Author: Robert Rodgers, Ph.D
Is there a road to recovery from Parkinson's Disease? Robert Rodgers, Ph.D, believes there is and in his recent book Road To Recovery From Parkinsons Disease he sets out to show sufferers the path
Author: Robert Rodgers, Ph.D
Is there a road to recovery from Parkinson's Disease? Robert Rodgers, Ph.D, believes there is and in his recent book Road To Recovery From Parkinsons Disease he sets out to show sufferers the path.
In his introduction, Rodgers makes it very clear that he is not a medical doctor, but rather a researcher, and thus he does not have the qualifications to offer advice or treatment concerning Parkinson's disease.
One word of caution, before deciding to apply anyone of the therapies, treatments, supplements or approaches mentioned in his book, that you consult with your doctor or other health care provider. It is a dangerous misunderstanding to believe that because complimentary therapies are natural, they are thus risk free.
In recent years there has been substantial research into complementary or alternative medicine and today we are beginning to know more about its benefits. With this in mind, Rodgers provides the reader with a wealth of information concerning the treatment of PD applying natural methods that Rodgers has garnered from people he has interviewed over the years. The complete interviews can be heard on his Internet radio program, and throughout the book, whenever he quotes one of these interviewees, he provides a link to the location of the interview.
Rodgers informs us that although recovery may not be possible in all instances, at least, according to his research, there may be symptomatic improvements. The question is which complimentary therapy should be followed? Unfortunately, there is a great deal of misinformation concerning complimentary or alternative medicine, and it is imperative to seek out reliable information.
Medical treatments are improving all the time, however, at the moment there is no cure for PD. And you may also hear that complimentary therapies do not offer a cure, either. However, as we read Road To Recovery From Parkinsons Disease, we do learn about people with PD who have found complementary therapy to be a very positive experience. Among the variety of approaches explored in the book are:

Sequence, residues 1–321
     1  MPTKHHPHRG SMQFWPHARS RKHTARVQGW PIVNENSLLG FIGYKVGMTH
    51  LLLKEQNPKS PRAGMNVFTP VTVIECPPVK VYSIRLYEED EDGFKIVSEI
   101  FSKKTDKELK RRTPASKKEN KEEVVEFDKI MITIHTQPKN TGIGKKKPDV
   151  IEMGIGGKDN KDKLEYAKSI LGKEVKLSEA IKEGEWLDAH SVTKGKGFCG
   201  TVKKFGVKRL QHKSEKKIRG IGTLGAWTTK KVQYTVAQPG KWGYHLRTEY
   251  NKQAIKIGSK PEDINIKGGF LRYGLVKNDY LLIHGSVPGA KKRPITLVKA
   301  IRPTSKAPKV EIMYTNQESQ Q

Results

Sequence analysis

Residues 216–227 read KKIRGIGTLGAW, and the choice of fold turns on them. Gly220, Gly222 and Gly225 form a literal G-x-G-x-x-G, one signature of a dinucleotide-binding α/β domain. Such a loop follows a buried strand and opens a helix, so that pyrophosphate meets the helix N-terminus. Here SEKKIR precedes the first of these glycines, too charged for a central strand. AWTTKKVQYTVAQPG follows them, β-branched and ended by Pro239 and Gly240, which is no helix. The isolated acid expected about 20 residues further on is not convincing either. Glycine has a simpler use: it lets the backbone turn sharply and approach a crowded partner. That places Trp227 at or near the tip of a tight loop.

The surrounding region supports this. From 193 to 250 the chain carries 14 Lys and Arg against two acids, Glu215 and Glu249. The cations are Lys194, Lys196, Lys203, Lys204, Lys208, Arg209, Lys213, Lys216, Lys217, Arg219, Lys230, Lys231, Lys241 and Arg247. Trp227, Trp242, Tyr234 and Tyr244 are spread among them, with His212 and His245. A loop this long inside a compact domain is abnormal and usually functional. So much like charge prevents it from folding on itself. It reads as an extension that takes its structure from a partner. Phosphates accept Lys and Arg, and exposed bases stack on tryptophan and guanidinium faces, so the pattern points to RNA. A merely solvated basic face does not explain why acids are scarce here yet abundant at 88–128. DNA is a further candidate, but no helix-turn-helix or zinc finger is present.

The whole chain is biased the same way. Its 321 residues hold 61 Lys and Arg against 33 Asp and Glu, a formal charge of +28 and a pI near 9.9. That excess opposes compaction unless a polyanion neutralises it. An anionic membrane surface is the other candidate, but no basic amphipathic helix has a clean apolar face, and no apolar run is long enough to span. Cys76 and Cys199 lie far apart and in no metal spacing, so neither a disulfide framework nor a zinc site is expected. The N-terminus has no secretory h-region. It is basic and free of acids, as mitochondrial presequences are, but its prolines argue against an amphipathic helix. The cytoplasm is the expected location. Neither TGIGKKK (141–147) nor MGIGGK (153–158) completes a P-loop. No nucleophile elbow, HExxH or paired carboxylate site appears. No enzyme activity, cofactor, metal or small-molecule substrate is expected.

Aromatherapy or the use of oils made from plants and flowers
Ayurveda, which is a system of traditional Indian medicine
The Bowen technique that aims to restore balance through gentle manipulation of the soft tissues
Certain foods, vitamins and minerals
Herbal medicine, where a herbalist builds up a complete picture of your health, lifestyle and treatments
In addition, a host of others are also explored where these complementary approaches are likely to be most beneficial in the treatment of the whole body, including non motor symptoms, rather than the motor or movement problems alone.
Although Rodgers has done a great deal of research, it should be pointed out that many of these therapies have not undergone rigorous testing in the same way as medicines. Moreover, it is sometimes difficult to find out whether your therapist, who claims to be qualified concerning a certain approach, does in fact have the necessary credentials. Road To Recovery From Parkinsons Disease is an excellent starting point in providing you with information that will help you make these best decisions.
My one complaint about this book is in its presentation. I would have liked to have seen a clearer separation of the chapters and each sub-heading of a topic emphasized in bold letters. I would also liked to have seen the benefits and drawbacks of each therapy, its safety and where can I learn more.
Norm welcomes any recommendations you may have concerning books on
Parkinson's Disease or your experiences with complimentary approaches to
Parkinson's Disease. You can contact Norm at: email@example.com